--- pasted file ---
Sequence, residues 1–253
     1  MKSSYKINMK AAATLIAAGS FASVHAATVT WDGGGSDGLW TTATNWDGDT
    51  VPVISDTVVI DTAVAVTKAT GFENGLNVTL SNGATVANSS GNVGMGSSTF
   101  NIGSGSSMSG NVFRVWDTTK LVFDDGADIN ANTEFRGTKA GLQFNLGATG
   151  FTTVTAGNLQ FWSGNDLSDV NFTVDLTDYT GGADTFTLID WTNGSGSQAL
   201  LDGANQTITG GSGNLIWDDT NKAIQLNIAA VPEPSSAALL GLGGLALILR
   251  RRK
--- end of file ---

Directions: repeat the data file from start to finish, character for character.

Sequence, residues 1–253
     1  MKSSYKINMK AAATLIAAGS FASVHAATVT WDGGGSDGLW TTATNWDGDT
    51  VPVISDTVVI DTAVAVTKAT GFENGLNVTL SNGATVANSS GNVGMGSSTF
   101  NIGSGSSMSG NVFRVWDTTK LVFDDGADIN ANTEFRGTKA GLQFNLGATG
   151  FTTVTAGNLQ FWSGNDLSDV NFTVDLTDYT GGADTFTLID WTNGSGSQAL
   201  LDGANQTITG GSGNLIWDDT NKAIQLNIAA VPEPSSAALL GLGGLALILR
   251  RRK